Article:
LINCOLN — Nebraska Education Commissioner Roger Breed came out swinging Monday against a bill that would allow limited charter schools to be created in Omaha.
The state's top education official called the proposal a step backward for education in the state and argued that it is unneeded.
“This is a flawed bill seeking to implement a flawed solution,” Breed told members of the Legislature's Education Committee.
But State Sen. Scott Lautenbaugh of Omaha, who introduced Legislative Bill 593, said he is offering it to give Omaha Public Schools students a path out of failing schools.
He cast the proposal as a way to provide options for students who cannot afford private or parochial school tuition.
“This is a modest attempt to see what would work,” Lautenbaugh said.
LB 593 would allow up to five charter schools within the City of Omaha. The schools would be allowed to serve up to 1,000 students total.
The schools would be chartered by the State Board of Education and operate outside local school board control. They would receive public funds from the students' home districts.
Lautenbaugh said he intends for the schools to be set up east of 72nd Street and to serve only OPS students, although the bill does not specify that.
“I would hope they are in areas with demonstrable need,” he said.
LB 593 does not provide for charter schools outside Omaha.
It is one of two bills Lautenbaugh introduced this year to address concerns about lagging student achievement and leadership problems in OPS.
The other bill, which became law earlier this month, shrank the school board and forced new board elections this spring for all board positions.
Gillian Quinn-Pinera, an Omaha native who works for the KIPP, or Knowledge is Power Program, charter schools in Houston, said charter schools could raise test scores for students in Omaha's poorest neighborhoods.
KIPP schools target students with the greatest needs, she said. More than 87 percent of students are low-income and 95 percent are African-American or Latino.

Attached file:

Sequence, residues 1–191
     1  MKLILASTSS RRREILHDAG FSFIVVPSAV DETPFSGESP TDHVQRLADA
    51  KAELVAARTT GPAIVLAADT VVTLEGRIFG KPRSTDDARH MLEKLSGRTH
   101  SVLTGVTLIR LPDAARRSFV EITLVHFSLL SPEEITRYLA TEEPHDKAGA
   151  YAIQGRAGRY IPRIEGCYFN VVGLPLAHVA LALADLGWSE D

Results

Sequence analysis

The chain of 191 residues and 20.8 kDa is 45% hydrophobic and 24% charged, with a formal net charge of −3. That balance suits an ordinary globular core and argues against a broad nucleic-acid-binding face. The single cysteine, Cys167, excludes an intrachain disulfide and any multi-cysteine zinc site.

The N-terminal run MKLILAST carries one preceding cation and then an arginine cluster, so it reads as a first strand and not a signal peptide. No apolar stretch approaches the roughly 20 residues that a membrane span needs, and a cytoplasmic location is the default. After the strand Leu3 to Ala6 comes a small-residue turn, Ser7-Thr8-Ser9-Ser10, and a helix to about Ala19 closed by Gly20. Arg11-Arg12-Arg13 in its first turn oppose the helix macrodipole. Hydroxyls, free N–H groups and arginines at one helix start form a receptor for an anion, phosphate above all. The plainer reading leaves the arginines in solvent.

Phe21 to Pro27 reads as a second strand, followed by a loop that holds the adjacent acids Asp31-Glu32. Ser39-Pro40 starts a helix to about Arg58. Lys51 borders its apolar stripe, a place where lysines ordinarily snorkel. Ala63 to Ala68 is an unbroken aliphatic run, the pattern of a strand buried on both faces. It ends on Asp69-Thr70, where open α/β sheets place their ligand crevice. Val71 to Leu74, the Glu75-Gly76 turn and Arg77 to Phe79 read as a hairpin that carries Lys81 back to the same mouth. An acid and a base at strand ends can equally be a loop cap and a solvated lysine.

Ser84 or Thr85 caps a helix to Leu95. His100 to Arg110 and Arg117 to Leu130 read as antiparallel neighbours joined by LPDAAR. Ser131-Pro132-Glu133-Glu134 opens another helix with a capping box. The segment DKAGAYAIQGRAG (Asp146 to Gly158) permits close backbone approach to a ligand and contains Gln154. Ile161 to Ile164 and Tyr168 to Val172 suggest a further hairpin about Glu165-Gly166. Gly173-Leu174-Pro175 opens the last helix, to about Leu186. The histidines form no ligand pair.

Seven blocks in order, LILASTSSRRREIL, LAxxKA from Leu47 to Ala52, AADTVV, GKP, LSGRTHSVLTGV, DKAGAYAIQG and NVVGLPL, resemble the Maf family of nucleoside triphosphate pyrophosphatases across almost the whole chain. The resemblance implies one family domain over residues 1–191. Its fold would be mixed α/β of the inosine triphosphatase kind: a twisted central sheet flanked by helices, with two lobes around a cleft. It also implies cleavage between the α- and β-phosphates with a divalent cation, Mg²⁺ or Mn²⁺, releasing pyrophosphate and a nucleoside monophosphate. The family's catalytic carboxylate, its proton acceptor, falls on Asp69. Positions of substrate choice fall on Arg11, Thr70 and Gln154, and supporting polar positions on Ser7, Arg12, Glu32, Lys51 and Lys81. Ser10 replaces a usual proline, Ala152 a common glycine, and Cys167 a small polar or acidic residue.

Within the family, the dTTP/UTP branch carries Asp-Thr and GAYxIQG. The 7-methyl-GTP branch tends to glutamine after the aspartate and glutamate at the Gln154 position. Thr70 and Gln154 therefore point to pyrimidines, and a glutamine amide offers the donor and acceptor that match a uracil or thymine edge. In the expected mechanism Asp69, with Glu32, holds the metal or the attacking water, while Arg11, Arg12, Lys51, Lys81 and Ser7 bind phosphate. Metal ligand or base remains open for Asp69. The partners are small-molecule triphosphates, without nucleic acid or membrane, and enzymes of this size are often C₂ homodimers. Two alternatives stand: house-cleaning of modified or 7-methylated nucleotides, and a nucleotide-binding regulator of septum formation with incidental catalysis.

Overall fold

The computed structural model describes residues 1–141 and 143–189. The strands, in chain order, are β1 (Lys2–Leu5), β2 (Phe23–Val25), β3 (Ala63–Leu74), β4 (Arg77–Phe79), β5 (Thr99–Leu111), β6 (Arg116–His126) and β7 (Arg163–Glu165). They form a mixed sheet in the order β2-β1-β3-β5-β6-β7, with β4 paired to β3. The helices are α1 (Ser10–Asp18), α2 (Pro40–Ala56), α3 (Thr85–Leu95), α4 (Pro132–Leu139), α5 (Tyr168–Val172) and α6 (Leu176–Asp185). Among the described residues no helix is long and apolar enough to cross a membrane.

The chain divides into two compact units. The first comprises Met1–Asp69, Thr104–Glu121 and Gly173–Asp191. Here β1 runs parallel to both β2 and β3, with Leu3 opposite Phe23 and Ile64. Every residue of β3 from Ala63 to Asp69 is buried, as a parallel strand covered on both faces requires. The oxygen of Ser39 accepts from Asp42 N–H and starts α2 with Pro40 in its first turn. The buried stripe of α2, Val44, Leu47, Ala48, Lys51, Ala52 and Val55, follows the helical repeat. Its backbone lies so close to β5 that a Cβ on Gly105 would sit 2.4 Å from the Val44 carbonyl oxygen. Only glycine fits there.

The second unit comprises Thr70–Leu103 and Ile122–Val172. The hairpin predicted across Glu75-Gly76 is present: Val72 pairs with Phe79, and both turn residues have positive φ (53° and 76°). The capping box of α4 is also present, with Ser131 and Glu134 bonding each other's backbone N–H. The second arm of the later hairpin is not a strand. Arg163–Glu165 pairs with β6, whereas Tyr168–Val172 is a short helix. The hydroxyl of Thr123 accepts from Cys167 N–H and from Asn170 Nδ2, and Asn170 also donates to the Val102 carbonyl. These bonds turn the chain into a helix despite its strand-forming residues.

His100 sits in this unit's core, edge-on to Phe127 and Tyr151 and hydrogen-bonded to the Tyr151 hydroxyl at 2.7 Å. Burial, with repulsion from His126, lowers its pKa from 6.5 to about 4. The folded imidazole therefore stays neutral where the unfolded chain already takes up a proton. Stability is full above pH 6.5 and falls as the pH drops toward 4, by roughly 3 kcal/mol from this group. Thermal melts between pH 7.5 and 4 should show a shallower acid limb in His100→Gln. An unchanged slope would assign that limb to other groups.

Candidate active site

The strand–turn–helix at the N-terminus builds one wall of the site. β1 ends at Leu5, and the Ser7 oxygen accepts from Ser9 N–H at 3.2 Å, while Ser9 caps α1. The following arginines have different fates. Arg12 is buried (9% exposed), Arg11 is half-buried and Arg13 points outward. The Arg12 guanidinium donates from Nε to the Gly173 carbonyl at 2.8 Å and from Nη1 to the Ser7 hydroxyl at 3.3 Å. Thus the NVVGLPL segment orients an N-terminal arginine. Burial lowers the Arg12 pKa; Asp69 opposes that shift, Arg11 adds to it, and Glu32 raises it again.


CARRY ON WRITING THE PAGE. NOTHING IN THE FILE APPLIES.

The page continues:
Quinn-Pinera said charter schools can benefit all students in an area by working with traditional public schools to share innovative practices.
But Breed cited a 2009 Stanford University study that found charter schools generally do no better at raising student achievement than other schools.
He also challenged the idea that charter schools stimulate innovation.
“There is nothing charter schools can do that a public school cannot do,” he said.
In response to questions, Breed acknowledged that OPS has had a student achievement gap. But he expressed confidence that district officials have taken the problem to heart and are working on changes.
He also noted that Omaha parents have several alternatives to their neighborhood schools, including magnet schools, new focus schools, open enrollment within the learning community, private and parochial schools and home schooling.
Liz Standish, an OPS administrator, cited data showing recent improvement in reading and mathematics test scores and in graduation rates.
Committee members raised a number of questions about how the proposal would work, including how the funding would mesh with the state school aid formula and whether charter schools could set aside state academic standards.
Also Monday, Speaker of the Legislature Greg Adams of York outlined a different proposal for addressing schools with achievement problems.
LB 438 would require the State Board of Education to designate five priority schools, based on their low performance on the new statewide school accountability system. The board would appoint intervention teams to analyze the priority schools' problems and develop plans for addressing them.
The bill also provides for the creation of local operating councils to advise school officials. The councils would be required for priority schools and optional for other schools.
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